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On the surface, Szymborskas poem (translated from Polish by Joanna

Trzeciak), The End and the Beginning is a poem about war and its aftermath,
but it is also a reflection of life with many messages hidden beneath it. The title
The End and the Beginning makes us think of how beginning and end are very
closely related- an end could be the beginning of something new. Because the
two words juxtapose, we can say that the title takes a neutral stand. A striking
feature of this free-verse poem is the persona, who even though present
throughout the entire poem, is distant. This is shown through the frequent use of
pronoun someone as though she is speaking on behalf of other victims of the
war. Structurally, the poem consists of 10 stanzas- each harbouring between 4-6
relatively short lines. This evokes the idea of how wars may happen within a
short period of time, but the traumatic memories last almost forever.

The main idea explored is the idea that although physical fighting of war has
ended, the pain and scars are still left behind. The use of a mixture of tenses
throughout the poem suggests that everything- past, present and future- is
connected to one another. Unlike many other poems where Szymborska uses her
favourite device- an abrupt transition from a formal tone to a colloquial one- this
poem does not feature any. The overall choice of diction- consistently formal
without humour or entertainment- by the poet conveys a serious nature. This
ensures the direct attention and focus from the readers.

Right from the beginning stanza: After every war, someone has to clean up, a
sense of relatability between the readers, as well as an ironic tone, have already
been developed. The poets use of the word every brings in the assumption that
all wars are more or less the same- it does not matter if you win or lose the war,
the consequences are the same. Things wont straighten themselves, after all
implies how someone has to take initiative and attempt to set things right
because they cannot get better on their own.

The way the poet chose to enumerate all tasks that have to be completed one
after another, after the repetitive use of someone, illustrates the enormity of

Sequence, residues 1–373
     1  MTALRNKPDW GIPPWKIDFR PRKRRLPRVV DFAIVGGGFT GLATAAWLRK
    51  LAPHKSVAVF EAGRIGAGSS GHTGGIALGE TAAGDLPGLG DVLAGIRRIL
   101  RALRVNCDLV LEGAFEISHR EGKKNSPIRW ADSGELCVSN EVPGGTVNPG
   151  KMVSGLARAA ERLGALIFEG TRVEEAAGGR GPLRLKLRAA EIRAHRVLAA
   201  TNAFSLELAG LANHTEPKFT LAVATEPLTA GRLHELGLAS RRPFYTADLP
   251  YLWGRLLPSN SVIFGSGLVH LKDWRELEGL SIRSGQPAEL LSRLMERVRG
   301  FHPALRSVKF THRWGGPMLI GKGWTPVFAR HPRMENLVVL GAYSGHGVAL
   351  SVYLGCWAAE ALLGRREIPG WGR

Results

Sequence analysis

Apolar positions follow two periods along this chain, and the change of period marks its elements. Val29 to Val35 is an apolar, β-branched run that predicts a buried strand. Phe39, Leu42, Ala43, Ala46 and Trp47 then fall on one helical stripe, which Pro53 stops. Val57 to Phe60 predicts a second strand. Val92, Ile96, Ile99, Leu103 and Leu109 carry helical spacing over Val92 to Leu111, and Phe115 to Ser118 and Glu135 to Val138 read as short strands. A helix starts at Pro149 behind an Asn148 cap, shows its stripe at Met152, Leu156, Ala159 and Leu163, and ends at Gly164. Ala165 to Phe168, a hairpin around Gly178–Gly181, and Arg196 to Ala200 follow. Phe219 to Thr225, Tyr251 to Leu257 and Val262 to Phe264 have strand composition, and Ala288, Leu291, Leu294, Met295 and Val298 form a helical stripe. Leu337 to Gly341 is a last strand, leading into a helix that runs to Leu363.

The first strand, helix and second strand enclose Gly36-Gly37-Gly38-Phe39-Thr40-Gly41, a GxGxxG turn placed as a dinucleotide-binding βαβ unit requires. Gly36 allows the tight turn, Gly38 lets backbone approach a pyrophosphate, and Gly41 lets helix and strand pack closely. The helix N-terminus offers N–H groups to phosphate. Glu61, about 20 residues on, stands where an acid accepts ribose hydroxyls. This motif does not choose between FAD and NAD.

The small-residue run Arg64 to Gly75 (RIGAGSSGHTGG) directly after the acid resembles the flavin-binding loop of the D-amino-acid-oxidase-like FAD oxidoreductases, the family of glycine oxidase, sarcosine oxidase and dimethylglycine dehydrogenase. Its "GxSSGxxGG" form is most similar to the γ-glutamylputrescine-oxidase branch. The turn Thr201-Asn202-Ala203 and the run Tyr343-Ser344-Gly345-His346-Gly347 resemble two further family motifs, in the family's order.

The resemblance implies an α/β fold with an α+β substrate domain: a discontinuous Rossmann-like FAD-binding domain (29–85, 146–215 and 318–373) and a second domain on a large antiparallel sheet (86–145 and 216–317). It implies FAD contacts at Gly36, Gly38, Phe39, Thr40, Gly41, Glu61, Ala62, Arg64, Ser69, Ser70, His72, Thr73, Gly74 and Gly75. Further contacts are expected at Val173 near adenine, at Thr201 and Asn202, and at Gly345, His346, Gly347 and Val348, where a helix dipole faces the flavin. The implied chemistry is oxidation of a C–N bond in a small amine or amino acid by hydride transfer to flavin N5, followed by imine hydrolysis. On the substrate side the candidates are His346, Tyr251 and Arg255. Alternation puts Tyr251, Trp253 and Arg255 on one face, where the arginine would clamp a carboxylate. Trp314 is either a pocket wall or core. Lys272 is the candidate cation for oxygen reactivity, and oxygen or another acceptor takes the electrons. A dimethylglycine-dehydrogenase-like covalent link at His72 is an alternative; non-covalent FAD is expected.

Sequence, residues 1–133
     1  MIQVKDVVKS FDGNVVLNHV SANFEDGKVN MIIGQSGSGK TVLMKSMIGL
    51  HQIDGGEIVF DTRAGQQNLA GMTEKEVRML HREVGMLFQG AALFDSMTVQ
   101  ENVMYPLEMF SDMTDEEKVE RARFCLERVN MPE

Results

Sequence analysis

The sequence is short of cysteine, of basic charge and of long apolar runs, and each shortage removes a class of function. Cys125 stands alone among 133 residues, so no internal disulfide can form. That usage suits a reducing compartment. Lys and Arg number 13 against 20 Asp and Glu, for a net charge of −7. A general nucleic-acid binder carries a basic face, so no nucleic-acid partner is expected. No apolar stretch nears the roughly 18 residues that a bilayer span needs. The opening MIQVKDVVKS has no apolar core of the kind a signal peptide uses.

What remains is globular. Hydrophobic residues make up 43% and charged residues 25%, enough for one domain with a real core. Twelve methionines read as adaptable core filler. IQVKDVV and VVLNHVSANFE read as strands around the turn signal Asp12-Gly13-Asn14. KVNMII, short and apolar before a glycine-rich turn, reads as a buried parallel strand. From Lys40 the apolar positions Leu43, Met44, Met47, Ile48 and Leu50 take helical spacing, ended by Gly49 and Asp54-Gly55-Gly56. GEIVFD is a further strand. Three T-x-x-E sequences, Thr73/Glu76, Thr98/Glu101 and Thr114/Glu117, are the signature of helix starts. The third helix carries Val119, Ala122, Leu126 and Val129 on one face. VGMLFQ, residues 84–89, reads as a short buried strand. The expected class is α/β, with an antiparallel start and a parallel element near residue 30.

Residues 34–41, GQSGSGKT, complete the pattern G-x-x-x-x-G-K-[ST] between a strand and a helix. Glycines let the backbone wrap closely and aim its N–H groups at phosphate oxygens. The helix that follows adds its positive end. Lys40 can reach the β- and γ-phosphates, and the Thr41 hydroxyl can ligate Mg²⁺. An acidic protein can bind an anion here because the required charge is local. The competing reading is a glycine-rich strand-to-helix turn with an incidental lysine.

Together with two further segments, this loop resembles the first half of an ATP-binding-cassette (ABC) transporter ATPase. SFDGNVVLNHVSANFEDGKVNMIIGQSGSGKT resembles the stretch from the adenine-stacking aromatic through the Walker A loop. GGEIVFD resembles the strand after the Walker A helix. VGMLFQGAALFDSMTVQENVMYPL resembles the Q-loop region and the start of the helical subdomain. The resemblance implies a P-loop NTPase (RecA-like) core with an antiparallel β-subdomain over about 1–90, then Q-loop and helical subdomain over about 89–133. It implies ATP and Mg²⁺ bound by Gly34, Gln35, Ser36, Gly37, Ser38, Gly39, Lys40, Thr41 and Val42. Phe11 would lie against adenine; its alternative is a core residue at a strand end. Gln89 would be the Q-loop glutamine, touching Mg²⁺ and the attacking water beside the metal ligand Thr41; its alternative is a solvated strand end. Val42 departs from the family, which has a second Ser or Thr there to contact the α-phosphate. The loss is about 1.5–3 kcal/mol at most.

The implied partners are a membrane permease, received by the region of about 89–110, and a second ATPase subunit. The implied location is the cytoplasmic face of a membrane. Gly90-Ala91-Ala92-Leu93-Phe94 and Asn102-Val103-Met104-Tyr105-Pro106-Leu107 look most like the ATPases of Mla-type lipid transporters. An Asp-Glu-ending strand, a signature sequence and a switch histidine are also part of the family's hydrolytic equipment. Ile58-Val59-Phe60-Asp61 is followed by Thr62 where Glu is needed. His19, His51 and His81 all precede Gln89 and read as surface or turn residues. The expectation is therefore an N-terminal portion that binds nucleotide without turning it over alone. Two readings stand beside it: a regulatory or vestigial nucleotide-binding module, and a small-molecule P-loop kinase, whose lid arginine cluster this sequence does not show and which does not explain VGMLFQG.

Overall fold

consequences of war- people having to push the rubble, prop up the wall,
glaze a window, rehang a door, etc. These tasks are not simple- they embody
a high level of difficulty and require time and effort. Because these are all
involved with rebuilding houses, a house being a shelter therefore symbolises
the idea of life, we may say that healing both physical and emotional pain needs
time and no matter what, things redone are not the same or as good as new.

In the fifth stanza, the poet makes use of inversion photogenic its not which
creates an impression of how wars brought chaos and disorder. The process of

rebuilding is not something we can just simply take a picture of. The
personification All the cameras have left for another war suggests just like
media has gone to focus on other news or war, people who are not affected
directly by the impacts of war have moved on.

Eighth stanza features an alliteration: sometimes someone still unearths which

creates an emphasis on the silence that brings tension and frustration. The
phrase rusted-out arguments shows dissolving arguments- no longer intense
ones but still exist as undesirable argument. Political disputes between people
who are in power bring burden to innocent people who seek for peace, people
who are not even related to the issues-letting them bear the weight and
responsibility (carries them to the garbage pile) and suffer from the
consequences and aftermath of war.
Whereas stanza seven denotes how people are starting to lose interest in the
importance of war as time passes by- connection fading away: But already there
are those nearby starting to mill about who will find it dull, stanza nine
emphasizes on how important it is for people who experienced the disaster to be
remembered: those who knew what was going on here must make way for those
who know little. Messages to the next generations must be passed on- wars, at
best, shall be avoided.

The poets use of negative diction such as rubble, corpse-filled wagons,

splintered glass, bloody rags, garbage piles throughout the poem portrays
the ugliness and hideous sight of aftermath of war. Furthermore, these help to
establish the melancholic and dark tone of the poem.
The final lines of the poem where someone must be stretched out, blade of
grass in his mouth, gazing at the clouds makes use of imagery- as well as
metaphor blade of grass in his mouth along with clouds that symbolises
freedom and dream. This suggests the hope of people for a new beginningbeginning of peace. This stanza concludes that life goes on.
Moreover, the poets deliberate repetition of someone from beginning to the
end shows that anyone can be involved in building a better life, a better world.